Brussels — Although Europe has responded with unusual speed and solidarity in support of Britain in its dispute with Argentina, there is considerable uncertainty about how far this cooperation will stretch.
The British government, forced momentarily at least to accept American neutrality in return for US good offices as a mediator in the quarrel, has turned to Europe for diplomatic and economic support.
In a rapidly arranged working-lunch meeting here April 20, European Community foreign ministers reaffirmed solidarity with the British position and with the diplomatic efforts of US Secretary of State Alexander M. Haig Jr.
It seemed clear, however, that its allies refused to be drawn into backing the possible use of military force, which British officials were saying they could not rule out.
British and European sources here presented divergent interpretations of the support extended to the British use of arms to wrest back the Falklands.
A British source emphasized that Foreign Secretary Francis Pym had requested the meeting with his European Community (EC) colleagues as a special gesture of gratitude for the quick adoption of an arms and import embargo against Argentina last week.
But he made clear that other countries should understand that Britain felt the United Nations Charter granted states whose territory had been violated the right to military self-defense. Although he said London would exhaust all possible diplomatic means, the source added, ''We will not shrink from the use of force.'' He added, ''We are not in any doubt about our partners' backing'' on the question.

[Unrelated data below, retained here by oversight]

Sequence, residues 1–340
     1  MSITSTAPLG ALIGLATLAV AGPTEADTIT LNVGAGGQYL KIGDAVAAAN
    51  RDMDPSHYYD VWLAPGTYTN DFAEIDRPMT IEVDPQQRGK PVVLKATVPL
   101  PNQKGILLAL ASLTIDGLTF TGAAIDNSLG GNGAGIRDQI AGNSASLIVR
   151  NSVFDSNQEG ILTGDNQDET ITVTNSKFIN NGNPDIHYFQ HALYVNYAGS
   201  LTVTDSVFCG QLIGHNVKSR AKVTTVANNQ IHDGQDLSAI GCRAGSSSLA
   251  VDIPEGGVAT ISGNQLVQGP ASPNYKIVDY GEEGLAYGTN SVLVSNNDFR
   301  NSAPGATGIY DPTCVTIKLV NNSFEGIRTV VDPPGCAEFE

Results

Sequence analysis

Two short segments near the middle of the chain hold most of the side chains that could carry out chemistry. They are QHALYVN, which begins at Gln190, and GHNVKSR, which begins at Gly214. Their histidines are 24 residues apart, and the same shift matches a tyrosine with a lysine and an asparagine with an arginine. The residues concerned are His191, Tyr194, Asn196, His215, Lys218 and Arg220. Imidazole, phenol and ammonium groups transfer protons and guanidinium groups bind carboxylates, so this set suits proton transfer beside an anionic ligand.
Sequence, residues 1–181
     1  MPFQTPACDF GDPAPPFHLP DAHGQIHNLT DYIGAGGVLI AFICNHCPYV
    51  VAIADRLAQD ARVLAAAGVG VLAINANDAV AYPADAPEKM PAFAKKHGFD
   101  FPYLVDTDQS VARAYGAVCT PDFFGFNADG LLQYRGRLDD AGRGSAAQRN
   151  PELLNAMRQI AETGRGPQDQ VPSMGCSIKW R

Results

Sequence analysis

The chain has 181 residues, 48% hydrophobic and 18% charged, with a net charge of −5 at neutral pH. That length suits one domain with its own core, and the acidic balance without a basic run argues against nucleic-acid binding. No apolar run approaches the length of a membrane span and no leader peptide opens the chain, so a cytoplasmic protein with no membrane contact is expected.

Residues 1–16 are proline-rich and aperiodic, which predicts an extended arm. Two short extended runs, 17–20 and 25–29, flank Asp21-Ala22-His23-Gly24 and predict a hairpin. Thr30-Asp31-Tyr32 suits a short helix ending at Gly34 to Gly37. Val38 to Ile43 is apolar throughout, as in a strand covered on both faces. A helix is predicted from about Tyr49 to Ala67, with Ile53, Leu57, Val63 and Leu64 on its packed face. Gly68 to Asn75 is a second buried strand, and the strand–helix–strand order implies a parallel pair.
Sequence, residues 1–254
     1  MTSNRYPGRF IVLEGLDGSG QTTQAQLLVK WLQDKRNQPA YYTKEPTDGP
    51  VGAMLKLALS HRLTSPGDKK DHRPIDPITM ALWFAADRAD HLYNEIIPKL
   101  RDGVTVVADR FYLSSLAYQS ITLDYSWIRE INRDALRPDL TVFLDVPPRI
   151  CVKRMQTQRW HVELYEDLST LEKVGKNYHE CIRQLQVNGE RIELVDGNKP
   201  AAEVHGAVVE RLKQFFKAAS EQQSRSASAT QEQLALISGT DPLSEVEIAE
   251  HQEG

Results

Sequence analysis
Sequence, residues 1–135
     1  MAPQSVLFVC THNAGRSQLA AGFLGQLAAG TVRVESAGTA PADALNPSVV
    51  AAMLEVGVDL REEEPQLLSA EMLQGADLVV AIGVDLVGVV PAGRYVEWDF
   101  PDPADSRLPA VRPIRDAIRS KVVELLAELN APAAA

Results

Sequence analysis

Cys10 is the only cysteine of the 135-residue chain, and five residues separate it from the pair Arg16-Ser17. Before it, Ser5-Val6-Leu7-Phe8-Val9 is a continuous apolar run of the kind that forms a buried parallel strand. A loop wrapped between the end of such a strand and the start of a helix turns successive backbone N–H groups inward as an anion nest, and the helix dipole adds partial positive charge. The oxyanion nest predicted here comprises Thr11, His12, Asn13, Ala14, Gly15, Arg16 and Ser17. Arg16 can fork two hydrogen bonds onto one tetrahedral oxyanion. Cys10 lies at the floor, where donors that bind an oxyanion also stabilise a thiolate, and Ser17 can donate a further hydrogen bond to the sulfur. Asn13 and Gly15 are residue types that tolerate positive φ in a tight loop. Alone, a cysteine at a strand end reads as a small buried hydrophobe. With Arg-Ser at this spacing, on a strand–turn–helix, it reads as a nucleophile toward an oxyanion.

However, Belgian Foreign Minister Leo Tindemans, who chaired the EC ministerial session, later refused to be associated with any such interpretation. He repeatedly said the ministers did not discuss the military aspects of the situation, which he termed ''too uncertain and dangerous.''
Should Britain maintain its traditional isolated stand on the EC budget and farm policy, some EC countries might regard their recent display of support for Britain on the Falklands in a different light.
In addition to Britain, Germany, Italy, and the Netherlands have substantial trade and investment interests in Argentina. And possible economic retaliation against Europe by the Organization of American States or any of its members could put pressure on Europe. There have been reports Venezuela could block oil shipments to Europe in reply.
The acid test will come if Britain feels compelled to use military force.